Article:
Last month I traveled north from my hometown of Los Angeles, to Pegasus Books in Berkeley, California. I was there to take part in a panel discussion about the new Down & Out Books anthology, Unloaded: Crime Writers Writing Without Guns.
The anthology’s editor, Eric Beetner, was moderating a group of contributors including myself, Joe Clifford, Kelli Stanley, Holly West and Tom Pitts (who recently re-released his excellent San Francisco junkie noir novel, Hustle, with Down & Out Books).
We had a lively discussion that kept me laughing and made me think. Beetner asked interesting questions that challenged the panel members — some who’ve owned guns, and some who haven’t — to consider how, when and why we use guns in our fiction.
He also asked each of us to talk about the stories we chose to donate, which I found fascinating as a reader. I’d already devoured most of Unloaded at that point, but the responses to this question really highlighted the impressive variety of writing styles in this collection.
My own story, “Itchy Feet,” is about suburban family who is having a yard sale while their lives fall apart. The father, Joe, is a successful businessman with a dark past. His wife is so cold and distant that Joe suspects she might be having an affair with one of the neighbors. Their teenaged son is openly defiant, even as he prepares to head off to college. Everything is miserable until an old friend of Joe’s turns up dressed as a clown.
The inspiration for “Itchy Feet” came from hosting a yard sale of my own. Seated among piles of possessions I was trying to unload, I was struck by the probing questions some of the strangers asked me:
“Why are you selling this?”
“Where did you get it?
“How long have you lived here?”
They seemed to be looking for something else from me, a juicy backstory to go with the knick-knacks they bought for quarters. I can’t say that I blame them. I’ve been fascinated with finding cracks in facades for most of my life.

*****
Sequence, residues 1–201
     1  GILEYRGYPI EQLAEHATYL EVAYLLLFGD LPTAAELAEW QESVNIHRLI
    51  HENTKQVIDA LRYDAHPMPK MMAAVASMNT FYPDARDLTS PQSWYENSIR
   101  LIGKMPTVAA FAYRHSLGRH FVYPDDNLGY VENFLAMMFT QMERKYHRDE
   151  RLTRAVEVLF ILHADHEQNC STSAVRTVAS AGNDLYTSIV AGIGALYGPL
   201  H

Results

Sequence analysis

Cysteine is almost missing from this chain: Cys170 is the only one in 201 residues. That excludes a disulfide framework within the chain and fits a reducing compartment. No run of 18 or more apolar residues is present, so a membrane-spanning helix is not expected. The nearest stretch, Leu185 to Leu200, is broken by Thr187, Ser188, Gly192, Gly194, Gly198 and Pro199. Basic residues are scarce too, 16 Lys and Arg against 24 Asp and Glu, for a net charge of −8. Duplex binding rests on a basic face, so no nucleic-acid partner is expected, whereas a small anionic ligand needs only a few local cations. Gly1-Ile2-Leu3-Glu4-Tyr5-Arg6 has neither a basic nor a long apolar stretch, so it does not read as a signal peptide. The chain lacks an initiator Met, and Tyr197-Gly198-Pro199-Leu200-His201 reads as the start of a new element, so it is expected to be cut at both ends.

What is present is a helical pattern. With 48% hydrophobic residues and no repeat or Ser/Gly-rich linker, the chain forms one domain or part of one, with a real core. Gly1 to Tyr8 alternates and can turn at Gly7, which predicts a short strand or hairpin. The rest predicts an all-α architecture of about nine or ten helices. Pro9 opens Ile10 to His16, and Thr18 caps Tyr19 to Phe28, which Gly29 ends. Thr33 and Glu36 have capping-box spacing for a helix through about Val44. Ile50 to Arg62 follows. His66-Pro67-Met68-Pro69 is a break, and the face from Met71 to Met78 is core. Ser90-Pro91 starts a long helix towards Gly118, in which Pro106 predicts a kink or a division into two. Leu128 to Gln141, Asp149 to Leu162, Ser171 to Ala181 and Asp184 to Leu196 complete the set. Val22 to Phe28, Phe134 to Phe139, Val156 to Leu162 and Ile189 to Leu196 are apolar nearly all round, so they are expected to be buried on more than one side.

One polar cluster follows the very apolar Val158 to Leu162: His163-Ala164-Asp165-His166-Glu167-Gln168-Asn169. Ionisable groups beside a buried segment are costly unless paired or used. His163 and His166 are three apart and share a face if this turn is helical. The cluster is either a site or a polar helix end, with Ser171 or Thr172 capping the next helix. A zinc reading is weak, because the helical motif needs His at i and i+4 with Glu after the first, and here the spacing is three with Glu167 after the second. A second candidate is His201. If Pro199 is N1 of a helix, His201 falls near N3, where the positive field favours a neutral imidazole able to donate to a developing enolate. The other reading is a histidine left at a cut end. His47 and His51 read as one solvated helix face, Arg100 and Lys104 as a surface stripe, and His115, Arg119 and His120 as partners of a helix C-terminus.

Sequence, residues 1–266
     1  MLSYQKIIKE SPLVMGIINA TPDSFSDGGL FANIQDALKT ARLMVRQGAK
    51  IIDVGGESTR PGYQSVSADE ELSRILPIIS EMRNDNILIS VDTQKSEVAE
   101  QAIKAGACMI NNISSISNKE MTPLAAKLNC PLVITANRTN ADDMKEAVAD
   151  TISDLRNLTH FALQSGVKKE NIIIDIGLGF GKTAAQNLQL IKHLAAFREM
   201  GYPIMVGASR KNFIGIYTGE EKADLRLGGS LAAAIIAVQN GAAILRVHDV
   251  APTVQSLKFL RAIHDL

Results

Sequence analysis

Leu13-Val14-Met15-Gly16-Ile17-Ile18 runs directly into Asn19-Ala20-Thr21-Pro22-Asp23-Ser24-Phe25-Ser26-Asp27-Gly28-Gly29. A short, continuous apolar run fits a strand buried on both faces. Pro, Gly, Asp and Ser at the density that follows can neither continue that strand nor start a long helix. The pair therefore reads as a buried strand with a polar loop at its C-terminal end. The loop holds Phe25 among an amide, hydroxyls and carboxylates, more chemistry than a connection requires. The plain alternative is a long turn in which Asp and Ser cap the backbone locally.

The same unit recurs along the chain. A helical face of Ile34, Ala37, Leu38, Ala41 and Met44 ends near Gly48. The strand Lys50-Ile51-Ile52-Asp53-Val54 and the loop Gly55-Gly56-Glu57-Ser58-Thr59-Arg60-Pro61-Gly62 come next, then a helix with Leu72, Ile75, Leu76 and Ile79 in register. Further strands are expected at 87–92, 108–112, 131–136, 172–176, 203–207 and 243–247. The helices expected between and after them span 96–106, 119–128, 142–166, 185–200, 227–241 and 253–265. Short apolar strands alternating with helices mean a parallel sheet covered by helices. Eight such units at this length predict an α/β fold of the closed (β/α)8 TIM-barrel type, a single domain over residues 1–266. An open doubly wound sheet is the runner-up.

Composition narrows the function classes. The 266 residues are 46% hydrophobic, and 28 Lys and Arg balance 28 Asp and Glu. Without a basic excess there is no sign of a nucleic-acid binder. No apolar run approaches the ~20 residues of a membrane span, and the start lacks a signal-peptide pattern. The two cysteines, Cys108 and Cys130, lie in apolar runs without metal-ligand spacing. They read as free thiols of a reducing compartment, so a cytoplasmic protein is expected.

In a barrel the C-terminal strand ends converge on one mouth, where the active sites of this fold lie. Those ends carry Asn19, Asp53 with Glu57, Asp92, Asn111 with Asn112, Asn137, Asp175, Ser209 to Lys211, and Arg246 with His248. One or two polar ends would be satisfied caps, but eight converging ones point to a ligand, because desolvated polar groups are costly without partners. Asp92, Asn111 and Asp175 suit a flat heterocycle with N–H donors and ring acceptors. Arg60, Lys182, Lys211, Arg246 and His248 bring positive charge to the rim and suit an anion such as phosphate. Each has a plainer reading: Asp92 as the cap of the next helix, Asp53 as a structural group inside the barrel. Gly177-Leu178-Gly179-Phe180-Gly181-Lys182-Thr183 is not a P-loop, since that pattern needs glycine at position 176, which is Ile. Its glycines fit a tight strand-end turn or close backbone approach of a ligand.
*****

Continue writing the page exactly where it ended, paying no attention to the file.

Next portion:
Earlier this year, Down & Out Books released my standalone mystery novella, Crosswise. It started out as a short story that I wrote while vacationing in Seaside on the Florida Panhandle. If you haven’t been, it’s a beautiful resort destination with brightly painted clapboard houses, powdery white beaches and brilliant blue water.
In other words, it’s the perfect place to set a series of gruesome murders.
By viewing the idyllic, almost cartoonish town through the dark filter of my imagination, I was able to explore the tension between what we’re presented and what might be lurking in the shadows. I’ve heard this kind of writing described as “Sunshine Noir” and, at least in my case, I think it fits.
After submitting a story to the Unloaded anthology, I went back and looked at some of my previously published works through the “no guns” lens. I was surprised to discover that while there are guns in Crosswise, most of the violence is a bit more colorful.
This re-examination of my own writing is a direct result of how Unloaded has challenged me as a reader. Anthologies like this one and the discussions they spark — whether at a bookstore in Berkeley, on social media, or over a drink — remind us that stories are a great way to connect with other people around ideas.
That might be a big motivation for me to write, but it’s always been one of the main reasons I read. Well, that and all the sex and violence. Oh, and because I like solving mysteries. Why do you read?